Wednesday, 20 January 2010
"I’m sorry. It’s all my fault. I’m desperately sorry"
Review: AN UNEARTHLY CHILD
Written by Anthony Coburn, directed by Waris Hussein, 1963
An Unearthly Child is such a strange story to watch: we know how ‘important’ it is, as the first of a thirty-season-long saga – but at the same time, it appears to have very little to do with the series at large. The pattern of pulpy thrills, alien planets and BEMs was established in The Daleks, while many of the key trappings of this story were quickly jettisoned: its brutality, its conviction and depth of characterisation. This, though, is hardly surprising – Doctor Who could never have survived being continually pitched at this exhausting level.
I don’t feel An Unearthly Child itself needs defending; unfortunately, the following three 100,000 BC episodes do. I was aware this time round how unpleasant and, in fact, difficult they are to watch – though not in the way many people seem to think (ie, ‘It’s slow and the cavemen are grating’); rather, because of its punishing tone. It’s hard to believe this was the pilot of a kids’/family show. There is an almost post-apocalyptic sense of desolation, while Barbara’s reaction to this incomprehensible turn of her life is the closest we’re ever likely to get to a truly realistic reaction to the fantasy of Doctor Who. The unreasoning terror of her freakout in the forest is quite astonishing – the anguish and incomprehension packed into the line, “What’s happening to us?!” is a far cry from Rose or Martha’s more recent, pop-culturally aware introductions to the Doctor’s world.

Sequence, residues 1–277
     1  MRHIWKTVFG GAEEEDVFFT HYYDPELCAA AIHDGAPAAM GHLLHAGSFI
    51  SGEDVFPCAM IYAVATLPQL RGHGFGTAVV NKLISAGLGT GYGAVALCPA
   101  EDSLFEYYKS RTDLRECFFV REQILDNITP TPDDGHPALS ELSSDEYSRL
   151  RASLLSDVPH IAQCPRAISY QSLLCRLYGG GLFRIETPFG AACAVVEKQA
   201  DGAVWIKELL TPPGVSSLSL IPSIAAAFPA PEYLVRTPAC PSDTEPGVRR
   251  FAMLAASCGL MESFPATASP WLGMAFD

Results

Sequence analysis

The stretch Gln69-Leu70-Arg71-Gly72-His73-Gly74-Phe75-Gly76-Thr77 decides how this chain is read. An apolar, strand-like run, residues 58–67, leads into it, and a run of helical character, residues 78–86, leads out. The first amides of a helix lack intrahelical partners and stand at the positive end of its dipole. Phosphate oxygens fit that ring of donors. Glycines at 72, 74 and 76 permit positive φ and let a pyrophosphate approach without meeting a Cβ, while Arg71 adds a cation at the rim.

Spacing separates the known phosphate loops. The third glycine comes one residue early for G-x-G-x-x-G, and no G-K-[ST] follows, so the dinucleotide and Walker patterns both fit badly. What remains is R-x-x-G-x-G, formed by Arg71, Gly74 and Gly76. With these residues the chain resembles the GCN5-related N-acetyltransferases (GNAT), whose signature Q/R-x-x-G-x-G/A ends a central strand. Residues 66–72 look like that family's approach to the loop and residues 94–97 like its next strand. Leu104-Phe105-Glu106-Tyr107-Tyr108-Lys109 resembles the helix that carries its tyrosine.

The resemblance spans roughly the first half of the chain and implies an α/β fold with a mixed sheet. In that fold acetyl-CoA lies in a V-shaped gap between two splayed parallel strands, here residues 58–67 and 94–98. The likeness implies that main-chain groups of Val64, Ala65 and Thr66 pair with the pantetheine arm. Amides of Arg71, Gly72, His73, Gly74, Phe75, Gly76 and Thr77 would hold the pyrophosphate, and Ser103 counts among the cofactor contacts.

I have a particular respect for these pre-historic episodes. Cavemen would not be an obvious choice for any story today, let alone a season opener; just look at the pains the Russell T Davies series went to be crowd-pleasing with flashy broad strokes. While a series this long-running cannot be expected to remain static in its tone, I can’t help but feel that in putting spectacle and cheap thrills over an approach this persuasive, something has gone wrong. Because this story, which should seem so absurd (1960s schoolteachers meet primitive cavemen! That doesn’t sound like a winner, does it?), is an amazing, taut piece of drama.
The Forest of Fear is particularly tense, gruelling, and harrowing; the bickering and the Doctor’s cynicism is so much more realistic and – I would argue – compelling than the pulling-together blitz spirit of the new series. By contrast, this is a story of arbitrary violence – even including the cold-blooded murder of an old woman. The world of 100,000 BC is a cold, distrustful place. Even the off-screen animal attack on Za is unpleasant, simply through atmosphere and the actors’ reactions.
It isn’t easy viewing – whereas Rose, by comparison (the Unearthly Child of the new series), bends over backwards to be ‘accessible’. This story certainly wouldn’t go down so well with a primetime audience today, and that is a crying shame – that no-one has the conviction to do something as simple but solidly made as this.